TOP PLAYERS Only recently, he blasted a 12-ball half-century in the Big Bash to equal the record for the fastest ever fifty in T20s. Russell, meanwhile, has become one of the most sought-after T20 players and last year plied his trade in the Indian Premier League, South Africa’s Ram Slam, the Caribbean Premier League, the Bangladesh Premier League, and the Big Bash. He emerged as one of the leading players for Sydney Thunder as they wrapped up the BBL title last week, scoring 185 runs at a strike rate of 186 while taking 16 wickets with his pace bowling. The Windies squad also sees the return of combative left-arm spinner Sulieman Benn, who has not played for West Indies since last April after being dropped following England’s Test tour of the Caribbean. Benn, 34, had an outstanding campaign with the ball in the Regional Super50 which wrapped up on Sunday in Trinidad and Tobago, taking 15 wickets to be the tournament’s leading bowler. All-rounder Darren Sammy, who led West Indies to the T20 World Cup title four years go in Sri Lanka and into the semi-finals in Bangladesh in 2014, has been re-appointed skipper. West Indies are set to play in Group One alongside reigning champions Sri Lanka, South Africa, England and yet-to-be determined qualifier. WEST INDIES – Darren Sammy (captain), Lendl Simmons, Chris Gayle, Darren Bravo, Dwayne Bravo, Keiron Pollard, Marlon Samuels, Denesh Ramdin, Samuel Badree, Sulieman Benn, Sunil Narine, Andre Fletcher, Jason Holder, Jerome Taylor, Andre Russell. BRIDGETOWN, Barbados (CMC): Batting sensation Chris Gayle and all-rounder Andre Russell have both been included in the 15-man West Indies squad for the Twenty20 World Cup in India. Some media reports yesterday announced the squad without Gayle and Russell, sparking some speculation on social media, but CMC Sports understands that the Jamaican pair is definitely part of the Windies campaign for the March 8 to April 3 tournament. The squad, which is yet to be named officially by the West Indies Cricket Board, includes embattled off-spinner Sunil Narine, who is currently banned from bowling internationally. However, Narine is expected to undergo testing on his action at Loughborough University in England next month, before confirming his spot on the side. All eyes will be on Gayle, however, especially after he sparked controversy during the recent Australia Big Bash with his now infamous ‘Don’t blush, baby’ live television interview, where he appeared to openly flirt with Channel Ten’s Mel McLaughlin. The 36-year-old left-hander has played in every T20 World Cup since the inaugural tournament in South Africa eight years ago, when he announced himself in the format with a stunning hundred against the hosts in Johannesburg. He has since become arguably the most valued commodity on the global T20 circuit, and his presence will ensure West Indies will be installed as one of the early favourites.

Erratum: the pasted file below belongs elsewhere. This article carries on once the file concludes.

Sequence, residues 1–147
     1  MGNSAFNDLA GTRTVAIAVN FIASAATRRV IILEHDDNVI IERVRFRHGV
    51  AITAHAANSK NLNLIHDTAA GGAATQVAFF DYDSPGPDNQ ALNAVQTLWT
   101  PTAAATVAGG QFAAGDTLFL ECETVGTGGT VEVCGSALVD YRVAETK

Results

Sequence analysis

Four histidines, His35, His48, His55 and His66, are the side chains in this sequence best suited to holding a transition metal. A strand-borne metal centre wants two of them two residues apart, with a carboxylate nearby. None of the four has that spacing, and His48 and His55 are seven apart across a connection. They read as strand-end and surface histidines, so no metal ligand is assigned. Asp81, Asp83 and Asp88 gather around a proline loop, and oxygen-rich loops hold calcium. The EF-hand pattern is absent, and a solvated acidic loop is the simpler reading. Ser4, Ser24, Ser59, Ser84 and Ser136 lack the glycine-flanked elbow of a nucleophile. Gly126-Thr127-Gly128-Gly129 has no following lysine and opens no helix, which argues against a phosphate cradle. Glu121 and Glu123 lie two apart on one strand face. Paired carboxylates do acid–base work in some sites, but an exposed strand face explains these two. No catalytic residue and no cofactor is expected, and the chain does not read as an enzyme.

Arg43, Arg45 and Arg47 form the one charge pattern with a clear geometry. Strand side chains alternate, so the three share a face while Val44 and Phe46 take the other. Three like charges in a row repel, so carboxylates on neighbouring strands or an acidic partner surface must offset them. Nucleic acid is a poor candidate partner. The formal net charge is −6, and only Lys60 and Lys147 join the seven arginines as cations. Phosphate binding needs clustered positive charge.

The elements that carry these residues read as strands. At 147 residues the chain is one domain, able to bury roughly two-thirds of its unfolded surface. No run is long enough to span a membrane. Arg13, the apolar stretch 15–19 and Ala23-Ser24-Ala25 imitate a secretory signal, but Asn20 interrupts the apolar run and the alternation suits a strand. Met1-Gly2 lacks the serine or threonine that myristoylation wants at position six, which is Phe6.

Partial view of lawmakers voting for the passage of the Ombudsman ActBy Leroy M. Sonpon IIIThe House of Representatives has concurred with the Senate to amend the Code of Conduct for the creation of the operational framework of the Office of the Ombudsman. The amendment is under scrutiny by the House of Representatives.The draft law includes the amendment of Part XII of the Code of Conduct for the creation of the operational framework of the office of the Ombudsman as established in the National Code of Conduct for all public officials and employees of the Government of Liberia.On Tuesday, June 13, twenty (20) lawmakers voted for the passage of the Ombudsman Act to agree with the senators; Montserrado County District # 3 Representative Bill Tweahway was the only person who abstained.The decision to amend the Code of Conduct was due to a report from the Joint Committee on Judiciary and Ways, Means, Finance, and Development Planning.It may be recalled that on Tuesday, June 6, members of the House of Representatives voted for the Act to be sent to the Joint Committee on Judiciary and Ways, Means, Finance and Development Planning to review and reportThe amended Act seeks to empower the Ombudsman to recommend appropriate sanctions and disciplinary actions to the Liberia Anti-Corruption Commission (LACC), as provided in Part XII Section 12.2 of the Code of Conduct.Under Part V of the Code of Conduct relating to electoral matters, the Senate agreed that issues “appertaining to elections matters, shall be adjudicated by the National Elections Commission (NEC), as prescribed under the Elections Law; and any remedy sought from such adjudication will be referred to the Supreme Court as provided for under the Laws and Constitution of the Republic of Liberia.”The Act also provides that the Ombudsman prepares and submits through the office of the President for enactment a budget for the office of the Ombudsman to the National Legislature.Under Section 12.4, the President shall nominate three persons for confirmation by the Liberian Senate, one of whom shall be appointed as chairperson, “with gender sensitivity, non-partisanship, and geographical balance.”With respect to qualification, officials will be Liberians with “high moral character, recognized good judgment, objectivity, and integrity; well equipped to analyze problems of law, administration, and public policy; with the minimum of age not less than forty (40) years; and must have a law degree, other professional discipline, experience relevant to the task to be performed,” the Code of Conduct says.Also, an official of the Ombudsman will not be involved in political party activities or publicly endorse, solicit funds for or make contributions to political parties or candidates for elective office; and shall not be a candidate for or hold any other elective or appointed public office.Members of the Ombudsman shall hold office for two 3-year terms following confirmation by the Senate and appointment by the President, “and shall be removed from office by the President for nonfeasance; malfeasance; misfeasance; and criminal acts as prescribed under existing laws and regulations.”In matters concerning the law, the office of the Ombudsman will have the power to conduct hearings in a quasi-judicial manner and make findings, give reasons and conclusions in matters filed before it, “while appeal from a decision of the Office of the Ombudsman relative to violations of the Code of Conduct shall be appealable to the relevant courts of Liberia.”“No person who files a complaint or participates in any investigation or proceeding pursuant to Chapter 12.6 shall be subject to any penalties, sanctions or restrictions in connection with his or her employment or be denied any right, privilege or benefit because of such action. A person who alleges a violation… may bring a civil action for appropriate injunctive relief, actual damages, and punitive damages, which shall not exceed US$10,000 or its LRD equivalent,” the Code says.Share this:Click to share on Twitter (Opens in new window)Click to share on Facebook (Opens in new window)